The Policy provides that "[n]o insured will, except at that insured's own cost, voluntarily ... assume any obligation ... without our consent." (Doc. 59-1 at 86; accord id. at 121). The plaintiff describes this as the "consent clause." The plaintiff argues that, under such a provision, a settlement between the insured and the injured party, entered without the insurer's consent, relieves the insurer of any obligation to pay the settlement amount. (Doc. 60 at 17-19). The plaintiff asserts that, because it did not consent to the settlement, it has no payment obligation here. The plaintiff argues further that, because the consent clause has not been satisfied, the Policy's "no-action" clause (which precludes suits against the plaintiff if policy conditions remain unsatisfied) bars the defendants' counterclaim for garnishment. (Id. at 19 n.16 (citing Doc. 59-1 at 86, 123)).
The parties agree that, under Alabama law, there is an exception to the rule expressed in the preceding paragraph. (Doc. 66 at 9; Doc. 67 at 4). "In Alabama, when an insurer has a right to defend its insured, receives notice of settlement negotiations, and refuses to participate, the insurer waives the right to assert the no-action clause in a later suit to determine coverage." Twin City Fire Insurance Co. v. Ohio Casualty Insurance Co., 480 F.3d 1254, 1258 (11th Cir. 2007). The plaintiff concedes that this exception applies as much to the consent clause as to the no-action clause. (Doc. 67 at 4).
According to the plaintiff, the exception does not apply under the following circumstances of this case. On April 22, New made a claim for Policy benefits. (Doc. 59-3 at 5-7). On May 17, the plaintiff, through its claims administrator, responded that the Policy provided no first-party coverage for New's losses, such that New was a claimant rather than an insured. The plaintiff asked New to provide information regarding the decertification, the events giving rise to same, communications between New and the Subcontractors relating to New's claims, and documentation substantiating claimed damages. (Id. at 9-10). New did not provide any requested information or documents. (Doc. 59-4 at 3). New did file suit against the Subcontractors on May 30. (Doc. 1 at 3).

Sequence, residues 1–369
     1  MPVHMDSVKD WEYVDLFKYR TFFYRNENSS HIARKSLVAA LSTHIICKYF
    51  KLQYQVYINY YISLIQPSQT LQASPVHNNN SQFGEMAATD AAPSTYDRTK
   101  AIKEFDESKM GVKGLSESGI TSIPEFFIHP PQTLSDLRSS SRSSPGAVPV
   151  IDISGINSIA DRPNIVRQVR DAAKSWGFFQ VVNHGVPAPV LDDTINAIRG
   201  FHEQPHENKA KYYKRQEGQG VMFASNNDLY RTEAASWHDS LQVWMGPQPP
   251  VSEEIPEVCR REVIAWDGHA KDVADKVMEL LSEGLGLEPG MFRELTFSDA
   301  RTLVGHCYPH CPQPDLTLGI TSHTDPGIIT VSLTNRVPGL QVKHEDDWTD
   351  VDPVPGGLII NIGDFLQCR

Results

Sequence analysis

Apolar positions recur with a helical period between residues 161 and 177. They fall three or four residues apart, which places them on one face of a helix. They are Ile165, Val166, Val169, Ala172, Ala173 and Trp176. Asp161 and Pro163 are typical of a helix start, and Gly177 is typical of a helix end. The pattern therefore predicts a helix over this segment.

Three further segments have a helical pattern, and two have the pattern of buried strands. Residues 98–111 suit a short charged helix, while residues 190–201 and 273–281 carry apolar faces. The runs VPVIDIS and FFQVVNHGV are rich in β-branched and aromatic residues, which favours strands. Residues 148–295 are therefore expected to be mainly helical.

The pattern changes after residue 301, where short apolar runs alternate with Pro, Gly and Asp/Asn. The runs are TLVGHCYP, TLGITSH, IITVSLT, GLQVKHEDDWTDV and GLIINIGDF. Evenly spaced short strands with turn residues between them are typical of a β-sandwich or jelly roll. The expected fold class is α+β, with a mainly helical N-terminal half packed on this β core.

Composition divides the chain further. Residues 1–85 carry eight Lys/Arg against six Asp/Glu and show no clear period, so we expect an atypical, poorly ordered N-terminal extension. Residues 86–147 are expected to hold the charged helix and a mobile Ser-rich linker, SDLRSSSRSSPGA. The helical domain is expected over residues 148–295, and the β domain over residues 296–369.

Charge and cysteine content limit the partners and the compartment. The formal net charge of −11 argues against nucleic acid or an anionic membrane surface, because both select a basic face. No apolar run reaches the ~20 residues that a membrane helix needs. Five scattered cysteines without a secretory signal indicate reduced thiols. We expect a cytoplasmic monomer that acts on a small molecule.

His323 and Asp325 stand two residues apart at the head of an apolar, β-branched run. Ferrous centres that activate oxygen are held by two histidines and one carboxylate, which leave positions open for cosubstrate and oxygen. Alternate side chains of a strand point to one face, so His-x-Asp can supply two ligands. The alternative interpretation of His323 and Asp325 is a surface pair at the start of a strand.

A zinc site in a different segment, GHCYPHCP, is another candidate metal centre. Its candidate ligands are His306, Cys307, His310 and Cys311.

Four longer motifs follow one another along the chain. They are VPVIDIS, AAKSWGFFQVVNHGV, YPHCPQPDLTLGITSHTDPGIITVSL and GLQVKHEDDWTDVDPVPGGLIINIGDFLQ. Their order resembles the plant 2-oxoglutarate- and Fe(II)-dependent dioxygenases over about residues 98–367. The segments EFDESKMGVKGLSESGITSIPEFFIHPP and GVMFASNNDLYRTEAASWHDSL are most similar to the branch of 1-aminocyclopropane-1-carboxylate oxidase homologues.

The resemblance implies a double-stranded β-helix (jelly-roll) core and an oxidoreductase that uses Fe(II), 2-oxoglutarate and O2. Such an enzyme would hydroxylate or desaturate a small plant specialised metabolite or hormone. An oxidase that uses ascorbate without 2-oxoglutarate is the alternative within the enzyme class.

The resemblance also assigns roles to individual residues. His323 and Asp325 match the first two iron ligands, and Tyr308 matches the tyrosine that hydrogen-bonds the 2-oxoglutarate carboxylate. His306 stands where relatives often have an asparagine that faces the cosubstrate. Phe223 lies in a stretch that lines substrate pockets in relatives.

All dates are in 2019.
On or about June 11, the plaintiff requested information from each Subcontractor, including regarding the underlying incidents. (Doc. 59-5 at 14; Doc. 59-6 at 15-16; Doc. 59-7 at 18-19). Between June 27 and July 2, the plaintiff notified the Subcontractors it would provide a defense under reservation of rights and repeated its request for information. (Doc. 59-5 at 10, 14; Doc. 59-6 at 12, 15-16; Doc. 59-7 at 15, 18-19).
The plaintiff identifies no evidence that the Subcontractors did not provide the requested information. Although unnoted by the plaintiff, its submitted evidence confirms it received at least some of the requested information from at least two of the Subcontractors in June. (Doc. 59-6 at 24; Doc. 59-7 at 11, 19).
The Subcontractors answered New's complaint on July 1 and 2. (Doc. 60 at 7 n.8). On July 8, New sent each Subcontractor an offer to settle for "policy limits" of $10,557,000 per Subcontractor. (Doc. 59-5 at 19; Doc. 59-6 at 20; Doc. 59-7 at 24). On July 17, the plaintiff wrote New's counsel, rejecting New's offer and setting forth the plaintiff's position that the policy limits were $1 million per incident. The plaintiff advised New that it was still investigating coverage and that it could not respond to a demand before its investigation was completed. The plaintiff also reiterated its request for the information mentioned in the May 17 letter. (Doc. 59-3 at 12-13). New provided no such information before settling with the Subcontractors. (Id. at 3).
On July 2, one Subcontractor noticed New's deposition "at a date and time to be mutually agreed upon." (Doc. 59-8 at 2-4). On July 23, a second Subcontractor served written discovery requests on New. (Docs. 59-9, 59-10). On or about July 18, counsel for New informed the third Subcontractor he was working on providing a damages package. (Doc. 59-11 at 2). According to the plaintiff, none of this formal or informal discovery occurred prior to settlement. (Doc. 60 at 7-8).
The plaintiff provides evidence of this as to the written discovery. (Doc. 59-4 at 3). It does not provide such evidence as to the deposition or the damages package.